State of the Economy
Fed holds off on raising interest rates, citing job market slowdown
The Federal Reserve announced Wednesday that it has once again decided to hold off on hiking interest rates because of lingering uncertainty about the job market and slower than expected economic growth. The latest jobs report found the economy added a mere 38,000 jobs in May, far lower than economists expected. "The pace of improvement in the labor market has slowed while growth in economic activity appears to have picked up," the Fed said in its statement, noting increased spending on housing and consumer goods.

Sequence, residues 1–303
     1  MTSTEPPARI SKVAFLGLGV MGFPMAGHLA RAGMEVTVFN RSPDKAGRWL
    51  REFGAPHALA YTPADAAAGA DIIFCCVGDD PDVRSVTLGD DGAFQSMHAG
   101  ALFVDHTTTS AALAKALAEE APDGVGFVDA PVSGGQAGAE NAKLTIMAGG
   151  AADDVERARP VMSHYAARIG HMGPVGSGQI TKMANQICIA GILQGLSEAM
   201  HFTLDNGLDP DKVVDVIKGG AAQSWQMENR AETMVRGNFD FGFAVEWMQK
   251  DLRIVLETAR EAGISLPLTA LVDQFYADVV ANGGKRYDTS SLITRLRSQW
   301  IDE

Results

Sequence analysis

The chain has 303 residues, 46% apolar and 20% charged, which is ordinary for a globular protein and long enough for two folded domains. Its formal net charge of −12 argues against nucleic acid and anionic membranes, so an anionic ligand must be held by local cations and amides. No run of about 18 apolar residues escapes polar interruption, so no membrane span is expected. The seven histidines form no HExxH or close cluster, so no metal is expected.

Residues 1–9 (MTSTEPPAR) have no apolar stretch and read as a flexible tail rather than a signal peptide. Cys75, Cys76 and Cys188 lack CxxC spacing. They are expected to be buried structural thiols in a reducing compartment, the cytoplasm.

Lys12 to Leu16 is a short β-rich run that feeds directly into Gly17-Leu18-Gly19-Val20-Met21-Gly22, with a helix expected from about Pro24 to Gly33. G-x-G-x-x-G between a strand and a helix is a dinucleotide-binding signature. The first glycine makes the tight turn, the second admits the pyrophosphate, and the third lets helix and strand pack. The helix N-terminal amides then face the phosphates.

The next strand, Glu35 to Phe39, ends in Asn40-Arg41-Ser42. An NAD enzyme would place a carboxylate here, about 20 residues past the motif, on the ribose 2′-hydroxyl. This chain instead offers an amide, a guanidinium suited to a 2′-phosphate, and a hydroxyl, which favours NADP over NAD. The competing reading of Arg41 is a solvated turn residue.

The Fed initially anticipated being able to gradually increase interest rates multiple times between this year and next, but it now remains uncertain when it might raise rates again. However, the Fed did signal that it still plans to implement two rate increases this year, though Fed Chairwoman Janet Yellen has maintained that such increases will not happen until the Fed has greater confidence in the economy's health. The possibility of Britain's exit from the European Union has also heightened uncertainty in global markets.
The Fed last hiked rates in December from "record lows" to between 0.25 percent to 0.50 percent, The Associated Press reports. The decision to keep rates unchanged Wednesday was unanimous and widely expected among economists.